Directed by Daryl Wein
The most significant emotional experience of a young man’s life is often his first big break-up, which might explain why we see so many separation movies starring twentysomethings—”my specific heartbreaking story must be told!” It’s particularly the case in the indies, where emerging artists are encouraged to indulge their Deepest Feelings. On the more mainstream, and shallower, side, there was last year’s (500) Days of Summer; on the indier, sincerer side, there’s the alternately endearing and exhausting Breaking Upwards. Both deal with unremarkable Millennials working through unremarkable problems. The question is, do they do so remarkably?
Well, in the case of Breaking Upwards—sort of. (For the former—no way!) Real-life couple Zoe Lister Jones (who also wrote the soundtrack’s lyrics and co-wrote the script) and Daryl Wein (who also directed and edited and more!), star as characters of the same names: barely post-collegiate, overeducated, underemployed gallery-going types in a four-year relationship, trying to negotiate a step back from serious involvement. They are “taking days off,” which raises minor problems: what do they put on Facebook? (Duh, “It’s Complicated.”) Who gets Madison Square Park from 2 to 4? Can they still watch Idol together on Tuesdays? They fell in love too young and now must suffer through sundering two entwined lives in order to flourish independently. But first, they have to talk everything to death. (The characters’ articulacy is aggressively anti-mumble.)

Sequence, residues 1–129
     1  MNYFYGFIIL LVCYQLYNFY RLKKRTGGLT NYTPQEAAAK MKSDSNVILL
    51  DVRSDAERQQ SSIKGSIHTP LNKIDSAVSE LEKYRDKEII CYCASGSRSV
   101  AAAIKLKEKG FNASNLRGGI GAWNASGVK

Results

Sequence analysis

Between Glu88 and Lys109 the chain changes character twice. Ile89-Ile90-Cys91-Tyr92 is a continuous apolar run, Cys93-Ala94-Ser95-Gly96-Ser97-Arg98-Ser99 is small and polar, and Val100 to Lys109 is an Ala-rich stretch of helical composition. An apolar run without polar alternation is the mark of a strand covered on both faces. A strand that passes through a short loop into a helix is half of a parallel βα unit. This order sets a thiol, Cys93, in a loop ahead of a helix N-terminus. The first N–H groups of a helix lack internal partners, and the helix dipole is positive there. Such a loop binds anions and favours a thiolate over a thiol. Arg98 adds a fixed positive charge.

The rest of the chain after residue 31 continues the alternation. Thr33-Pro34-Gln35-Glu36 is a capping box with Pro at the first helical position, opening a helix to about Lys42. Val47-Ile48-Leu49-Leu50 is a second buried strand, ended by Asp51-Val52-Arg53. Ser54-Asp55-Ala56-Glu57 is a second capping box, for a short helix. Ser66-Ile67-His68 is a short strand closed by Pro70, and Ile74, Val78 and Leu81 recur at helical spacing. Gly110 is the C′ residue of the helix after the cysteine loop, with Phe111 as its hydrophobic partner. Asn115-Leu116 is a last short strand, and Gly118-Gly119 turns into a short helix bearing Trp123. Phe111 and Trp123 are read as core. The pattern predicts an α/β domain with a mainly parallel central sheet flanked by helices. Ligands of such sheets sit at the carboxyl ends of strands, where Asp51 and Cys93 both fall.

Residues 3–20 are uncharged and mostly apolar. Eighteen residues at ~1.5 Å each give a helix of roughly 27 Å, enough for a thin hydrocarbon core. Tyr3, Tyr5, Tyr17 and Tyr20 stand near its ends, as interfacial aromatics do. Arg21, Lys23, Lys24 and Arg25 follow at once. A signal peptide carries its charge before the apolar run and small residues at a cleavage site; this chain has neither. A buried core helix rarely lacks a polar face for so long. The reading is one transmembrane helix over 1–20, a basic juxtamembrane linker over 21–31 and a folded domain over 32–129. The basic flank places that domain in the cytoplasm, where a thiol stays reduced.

At least they do so (sometimes) in places other than their apartments; Wein also sets scenes at parties, black box theaters, private karaoke rooms and art openings, in pool halls, and, Woody Allenishly, on city sidewalks. Using lots of montages, Breaking Upwards plays as two sketches of (very Jewish) characters, coasting through an ambling narrative as they do city streets on their bicycles. It’s fleetingly charming, thanks to Wein’s nerdy appeal (Jones is his angular-faced straightwoman) and The Jewish Moms, SCTV-vet Andrea Martin and The Little Dog Laughed‘s Julie White (er, the mom from Transformers). But the movie suffers whenever it tries to level out its goofy grin and indulge its emotional vicissitudes. The leads’ unhappy parents make poor relationship role models; it hurts to see your ex with somebody else; random hook-ups can leave you feeling empty; some guys are jerks. I know, we all know—breaking up is sad! And hard. You’ll get over it. Somebody ought to explain to children of privilege everywhere that watching their romantic dissolution play out doesn’t seem as meaningful to anybody else as it does to them. What’s next, it’s hard to get up in the morning and go to work? But at least Wein’s getting it out of his system now; maybe the only thing more tiresome than watching young people break up is the “what’s happening to my marriage?” movie.
Opens April 2